Before your child begins school you may want to provide him with opportunities to spend time with other children his age. This is the best way to help him develop the social skills he will need to make friends and get along with his classmates in kindergarten. Children learn different things from each other than they do from adults. Think back to your childhood friendships. There is nothing like sharing a silly joke with your friends.
Keep in mind that friendships are like plants. They take time to grow and require special care and effort to blossom. When helping your child make friends follow his lead and respect his comfort level. Pushing him to befriend a particular child or participate in activities he doesn’t enjoy may lead to disappointment and rejection. Taking things slowly and focusing on fun are more likely to lead to success in the long run.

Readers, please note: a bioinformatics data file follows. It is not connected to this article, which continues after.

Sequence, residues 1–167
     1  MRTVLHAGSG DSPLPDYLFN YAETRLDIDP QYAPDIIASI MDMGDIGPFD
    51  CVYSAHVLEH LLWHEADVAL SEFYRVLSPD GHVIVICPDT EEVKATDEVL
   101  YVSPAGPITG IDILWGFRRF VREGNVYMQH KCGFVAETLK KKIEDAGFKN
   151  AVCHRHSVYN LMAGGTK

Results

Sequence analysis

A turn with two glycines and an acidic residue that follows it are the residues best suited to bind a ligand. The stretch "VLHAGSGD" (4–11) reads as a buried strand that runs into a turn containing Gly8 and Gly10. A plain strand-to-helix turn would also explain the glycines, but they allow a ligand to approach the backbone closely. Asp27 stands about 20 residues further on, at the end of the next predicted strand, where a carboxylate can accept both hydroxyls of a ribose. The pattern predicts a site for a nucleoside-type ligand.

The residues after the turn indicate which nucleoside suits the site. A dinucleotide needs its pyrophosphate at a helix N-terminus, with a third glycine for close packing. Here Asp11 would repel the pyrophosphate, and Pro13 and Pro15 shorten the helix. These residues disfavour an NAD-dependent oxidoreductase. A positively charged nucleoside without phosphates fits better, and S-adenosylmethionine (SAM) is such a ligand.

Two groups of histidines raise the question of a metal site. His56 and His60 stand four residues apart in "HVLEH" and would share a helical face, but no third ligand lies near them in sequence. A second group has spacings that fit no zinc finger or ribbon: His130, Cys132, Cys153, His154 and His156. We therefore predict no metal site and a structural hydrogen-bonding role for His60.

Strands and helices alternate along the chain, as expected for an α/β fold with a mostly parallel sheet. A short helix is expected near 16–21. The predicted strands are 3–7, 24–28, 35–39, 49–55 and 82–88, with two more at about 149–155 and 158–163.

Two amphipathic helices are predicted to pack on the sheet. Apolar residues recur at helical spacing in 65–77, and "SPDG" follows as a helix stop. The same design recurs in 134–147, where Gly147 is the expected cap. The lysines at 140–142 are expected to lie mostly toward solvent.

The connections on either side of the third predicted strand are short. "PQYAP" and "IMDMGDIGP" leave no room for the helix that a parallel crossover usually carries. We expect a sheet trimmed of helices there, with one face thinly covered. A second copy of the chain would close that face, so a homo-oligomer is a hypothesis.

Practicing Social Skills with Your Child
Before introducing your child to other children, it may be a good idea to practice his social skills at home. This way he will ‘know what to do’ when he meets other children.
As adults, we sometimes confuse social skills with manners. While knowing the ‘magic words’ is certainly helpful, saying ‘please’ does not guarantee a child will be included in play. As young children spend a lot of time playing with each other, this is a good place to start when developing your child’s social skills.